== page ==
One of the many Latin tags floating around the Western world is Feci quod potui, faciant meliora potentes: “I have done what I could; let those who can do more.” It seems to have been well known in Russia a century and more ago; Michael Shapiro of Language Lore has a post on it, citing Chekhov’s Three Sisters and Stanislavsky’s My Life in Art and going on to this interesting observation:
This interpolation of Latin material in an otherwise straightforward Russian discourse is clearly a cultural feature of Russian speech. It mimics and continues the pan-European practice of quoting Latin locutions in order to give one’s utterances a special punch, not necessarily connected with the aim of parading one’s erudition. In this respect, modern Russian resembles older forms of English learned discourse that have largely become extinct. There can even be an interesting interplay in Russian between Latin and Church Slavonic (the liturgical language of Eastern Slavic Orthodoxy), for example with reference to the Latin phrase vox clamantis in deserto ‘a voice crying in the wilderness’, which derives from Isaiah 40.3 (“A voice cries out: ‘In the wilderness prepare the way of the Lord, make straight in the desert a highway for our God.’”) via John 1:23 (“He said, ‘I am the voice of one crying out in the wilderness, “Make straight the way of the Lord,”’ as the prophet Isaiah said.”). The Church Slavonic version is glas vopiiuscshego v pustyne (глас вопиющего в пустыне). The latter is much more frequent today, but someone speaking Russian can also recur to the Latin for extra paroemic force.
Now, according to Wikipedia the saying goes no farther back than Henry Baerlein’s 1908 translation of the Diwan of Abul ʿAla (page 7), but that (unsurprisingly) is far from true; Boswell quotes it on page 10 of his Account of Corsica (1768), calling it “a simple beautiful inscription on the front of Palazzo Tolomei at Siena” (and translating it “I’ve done my best; let abler men do more”). But what I found interesting is that Baerlein, in his dedication to E. J. Dillon, quotes it in connection with Russia:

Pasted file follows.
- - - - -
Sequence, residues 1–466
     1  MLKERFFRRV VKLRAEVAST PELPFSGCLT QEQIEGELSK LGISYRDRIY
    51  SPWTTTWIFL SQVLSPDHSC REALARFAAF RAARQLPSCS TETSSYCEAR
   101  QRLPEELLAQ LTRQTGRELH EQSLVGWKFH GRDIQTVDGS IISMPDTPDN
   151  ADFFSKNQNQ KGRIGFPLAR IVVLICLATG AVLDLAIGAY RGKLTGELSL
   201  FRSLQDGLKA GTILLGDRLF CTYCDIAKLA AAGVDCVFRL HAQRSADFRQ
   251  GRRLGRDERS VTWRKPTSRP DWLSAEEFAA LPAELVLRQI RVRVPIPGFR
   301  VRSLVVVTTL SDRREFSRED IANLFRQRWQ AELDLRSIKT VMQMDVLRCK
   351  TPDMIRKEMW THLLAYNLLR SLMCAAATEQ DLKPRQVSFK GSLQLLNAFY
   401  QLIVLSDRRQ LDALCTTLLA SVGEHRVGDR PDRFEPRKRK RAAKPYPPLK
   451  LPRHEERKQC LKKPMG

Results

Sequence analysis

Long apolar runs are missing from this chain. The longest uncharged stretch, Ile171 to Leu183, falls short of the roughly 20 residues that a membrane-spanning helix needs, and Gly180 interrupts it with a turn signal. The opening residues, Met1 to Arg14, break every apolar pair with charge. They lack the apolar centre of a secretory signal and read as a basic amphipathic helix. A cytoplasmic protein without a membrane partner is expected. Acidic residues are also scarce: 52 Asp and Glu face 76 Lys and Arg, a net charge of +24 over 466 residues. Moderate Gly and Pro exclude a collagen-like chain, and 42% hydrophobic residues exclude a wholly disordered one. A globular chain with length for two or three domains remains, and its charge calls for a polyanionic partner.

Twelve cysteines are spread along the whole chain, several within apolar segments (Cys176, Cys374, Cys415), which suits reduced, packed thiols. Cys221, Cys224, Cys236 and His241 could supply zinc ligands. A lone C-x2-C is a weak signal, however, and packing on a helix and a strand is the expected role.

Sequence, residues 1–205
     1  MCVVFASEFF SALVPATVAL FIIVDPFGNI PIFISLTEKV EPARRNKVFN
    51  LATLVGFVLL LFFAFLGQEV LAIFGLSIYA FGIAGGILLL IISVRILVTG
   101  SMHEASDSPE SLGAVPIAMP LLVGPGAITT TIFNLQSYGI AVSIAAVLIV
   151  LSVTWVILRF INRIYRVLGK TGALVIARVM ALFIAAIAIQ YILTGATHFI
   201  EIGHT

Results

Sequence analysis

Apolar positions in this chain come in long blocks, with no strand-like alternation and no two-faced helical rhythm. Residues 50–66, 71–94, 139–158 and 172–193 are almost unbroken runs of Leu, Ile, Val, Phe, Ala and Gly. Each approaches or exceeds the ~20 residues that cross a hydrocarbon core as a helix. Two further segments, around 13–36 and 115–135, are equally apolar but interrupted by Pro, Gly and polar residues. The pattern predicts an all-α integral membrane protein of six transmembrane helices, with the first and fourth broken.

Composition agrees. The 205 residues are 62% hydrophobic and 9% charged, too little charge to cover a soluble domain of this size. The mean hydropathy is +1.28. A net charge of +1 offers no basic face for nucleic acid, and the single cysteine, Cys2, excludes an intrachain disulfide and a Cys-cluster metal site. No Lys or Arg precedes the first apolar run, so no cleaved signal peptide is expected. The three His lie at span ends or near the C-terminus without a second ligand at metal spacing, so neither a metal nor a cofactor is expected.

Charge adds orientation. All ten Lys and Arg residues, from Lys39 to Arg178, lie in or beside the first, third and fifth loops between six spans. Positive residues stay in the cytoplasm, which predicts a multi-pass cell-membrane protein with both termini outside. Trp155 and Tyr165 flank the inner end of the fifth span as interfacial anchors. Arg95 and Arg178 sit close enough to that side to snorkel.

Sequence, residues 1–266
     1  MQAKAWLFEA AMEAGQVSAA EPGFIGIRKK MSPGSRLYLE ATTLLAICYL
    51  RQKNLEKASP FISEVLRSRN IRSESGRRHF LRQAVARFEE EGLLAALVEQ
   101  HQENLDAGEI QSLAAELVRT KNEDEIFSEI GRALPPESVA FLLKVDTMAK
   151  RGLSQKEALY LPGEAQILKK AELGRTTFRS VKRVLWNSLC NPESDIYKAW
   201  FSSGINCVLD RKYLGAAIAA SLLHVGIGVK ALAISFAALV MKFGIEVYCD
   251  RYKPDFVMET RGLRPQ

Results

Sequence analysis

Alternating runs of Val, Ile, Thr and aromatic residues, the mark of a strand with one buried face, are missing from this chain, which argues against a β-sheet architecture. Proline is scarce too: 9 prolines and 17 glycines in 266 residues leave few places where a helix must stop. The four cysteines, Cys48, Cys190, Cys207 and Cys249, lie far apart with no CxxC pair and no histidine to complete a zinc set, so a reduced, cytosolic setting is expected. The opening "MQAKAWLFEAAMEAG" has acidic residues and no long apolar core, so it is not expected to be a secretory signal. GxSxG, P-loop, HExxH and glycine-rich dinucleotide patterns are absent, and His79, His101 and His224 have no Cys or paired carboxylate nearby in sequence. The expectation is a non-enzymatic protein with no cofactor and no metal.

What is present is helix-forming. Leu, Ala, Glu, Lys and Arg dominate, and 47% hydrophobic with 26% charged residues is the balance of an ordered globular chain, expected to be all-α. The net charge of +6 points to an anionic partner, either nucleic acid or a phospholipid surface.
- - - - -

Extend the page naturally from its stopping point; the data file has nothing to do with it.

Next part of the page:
When you receive this book, presuming that the Russian Censor does not shield you from it, I have some idea what you will do. The string, of course, must not be cut, and you will seriously set about the disentangling of it. One hand assists by holding up, now near the nose now farther off, your glasses; the other hand pecks at the string. After, say, twenty minutes there will enter the admirable Miss Fox—oh! the tea she used to make for us when we were freezing on the mountains of Bulgaria, what time our Chicagoan millionaire was ruffled and Milyukov, the adventurous professor, standing now not far from Russia’s helm, would always drive ahead of us and say, with princely gesture, that if we suffered from the dust it was advisable that he should be the one to meet the fury of the local lions. But do not let us lose the scent: Miss Fox, that woman of resource, will cut the string. And later on, while to her you are dictating things political while your other secretary is discoursing music, mournful Russian music, then with many wrinkles on your brow you will hold the book at arm’s length.
“The Serbonian Bog,” says Miss Fox, repeating the last lines of the dictation.
Your face is held sideways with what is called, I believe, a quizzical expression.
“Morocco,” says she, “viewed from the banks of the Seine, is becoming more and more like the Serbonian Bog.” Then she waits, discreet as always, while you think. Miss Fox, his thoughts are on the Adriatic!
There his boat, eleven years ago, was sailing underneath a net of stars and he was talking to a fellow-traveller. They had been joined at first by common suffering,—and how shall mortals find a stronger link? On board that boat there was an elderly American, the widow of a senator’s brother-in-law, whose mission was, she took it, to convert those two. What specially attracted her to them was not, perhaps, that they excelled the other passengers in luridness, but that they had the privilege of understanding, more or less, her language.
“Feci quod potui,” said Dr Dillon, “faciant meliora potentes.”
Coincidence? Or did the dedicatee—who was Russian correspondent of The Daily Telegraph, professor of Comparative Philology at the University of Kharkov, and a friend and associate of Sergei Witte, and who married a Russian woman—use it because he’d learned it from the Russians?